C21orf59

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C21orf59
Identifiers
Aliases C21orf59, C21orf48, CILD26, FBB18, Kur, chromosome 21 open reading frame 59
External IDs MGI: 1915251 HomoloGene: 10941 GeneCards: C21orf59
RNA expression pattern
PBB GE C21orf59 218123 at fs.png
More reference expression data
Orthologs
Species Human Mouse
Entrez
Ensembl
UniProt
RefSeq (mRNA)

NM_017835
NM_021254

NM_026502

RefSeq (protein)

NP_067077
NP_001337263
NP_001337264
NP_001337265
NP_001337266

NP_080778.2
NP_080778

Location (UCSC) Chr 21: 32.59 – 32.61 Mb Chr 16: 90.93 – 90.93 Mb
PubMed search [1] [2]
Wikidata
View/Edit Human View/Edit Mouse

C21orf59 is a protein of unknown function. It is of interest in part for its association with various diseases. It has been found in high levels in the bone marrow of patients with a negative prognosis of acute myeloid leukemia and an abnormal karyotype.[3][4][5] Male Alzheimer's patients have shown a decrease in expression of C21orf59 in their blood cells.[6][7] The C21orf59 gene lies within the critical region of Down Syndrome.[8] There are no clear paralogs in humans, but the gene has homologues widely conserved among animals, fungi, and algae.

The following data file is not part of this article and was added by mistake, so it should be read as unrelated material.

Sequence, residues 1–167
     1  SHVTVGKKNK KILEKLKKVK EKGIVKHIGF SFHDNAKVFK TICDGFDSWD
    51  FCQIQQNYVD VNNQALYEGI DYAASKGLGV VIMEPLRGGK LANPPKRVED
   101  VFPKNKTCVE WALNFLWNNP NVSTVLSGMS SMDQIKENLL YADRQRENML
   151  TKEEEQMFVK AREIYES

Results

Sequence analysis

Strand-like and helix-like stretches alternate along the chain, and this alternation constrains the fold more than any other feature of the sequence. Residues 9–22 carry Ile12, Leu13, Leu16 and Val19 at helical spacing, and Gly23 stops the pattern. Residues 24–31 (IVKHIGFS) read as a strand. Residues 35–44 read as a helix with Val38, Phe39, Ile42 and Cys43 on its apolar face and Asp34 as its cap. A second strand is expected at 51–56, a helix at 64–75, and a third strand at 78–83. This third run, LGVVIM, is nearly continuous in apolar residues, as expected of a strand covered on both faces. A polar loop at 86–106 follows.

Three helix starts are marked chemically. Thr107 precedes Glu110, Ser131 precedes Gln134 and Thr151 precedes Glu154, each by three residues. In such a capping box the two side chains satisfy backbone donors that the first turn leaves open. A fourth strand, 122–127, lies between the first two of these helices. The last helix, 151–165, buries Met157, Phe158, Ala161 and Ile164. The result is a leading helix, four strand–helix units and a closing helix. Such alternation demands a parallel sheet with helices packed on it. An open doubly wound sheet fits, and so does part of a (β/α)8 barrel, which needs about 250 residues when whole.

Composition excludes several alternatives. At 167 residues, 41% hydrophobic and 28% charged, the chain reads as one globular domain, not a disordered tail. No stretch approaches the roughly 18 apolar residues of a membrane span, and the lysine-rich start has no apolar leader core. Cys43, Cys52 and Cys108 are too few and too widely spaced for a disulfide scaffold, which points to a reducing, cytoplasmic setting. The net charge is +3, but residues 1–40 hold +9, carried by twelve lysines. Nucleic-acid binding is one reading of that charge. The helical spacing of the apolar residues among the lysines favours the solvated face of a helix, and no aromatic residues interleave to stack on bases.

A phylogenetic tree showing the wide conservation c21orf59.

Gene[edit]

C21orf59 is a gene found on the 21st chromosome at 21q22.1. A total of thirteen splice variants have been found, but only eleven protein coding ones.[9] The most common form of C21orf59 mRNA has 1427 base pairs broken into seven exons. Its closest neighbors on the chromosome are TCP10L, FAM176C, LOC100506185, OR7E23P, and SYNJ1.